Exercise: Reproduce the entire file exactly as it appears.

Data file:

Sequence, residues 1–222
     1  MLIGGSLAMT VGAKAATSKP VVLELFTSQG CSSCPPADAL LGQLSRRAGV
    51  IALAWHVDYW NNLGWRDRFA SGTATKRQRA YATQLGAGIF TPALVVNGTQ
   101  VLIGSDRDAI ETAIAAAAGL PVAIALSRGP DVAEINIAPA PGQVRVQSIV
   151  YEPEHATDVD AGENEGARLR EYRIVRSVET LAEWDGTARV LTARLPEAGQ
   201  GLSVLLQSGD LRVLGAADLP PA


Sequence, residues 1–222
     1  MLIGGSLAMT VGAKAATSKP VVLELFTSQG CSSCPPADAL LGQLSRRAGV
    51  IALAWHVDYW NNLGWRDRFA SGTATKRQRA YATQLGAGIF TPALVVNGTQ
   101  VLIGSDRDAI ETAIAAAAGL PVAIALSRGP DVAEINIAPA PGQVRVQSIV
   151  YEPEHATDVD AGENEGARLR EYRIVRSVET LAEWDGTARV LTARLPEAGQ
   201  GLSVLLQSGD LRVLGAADLP PA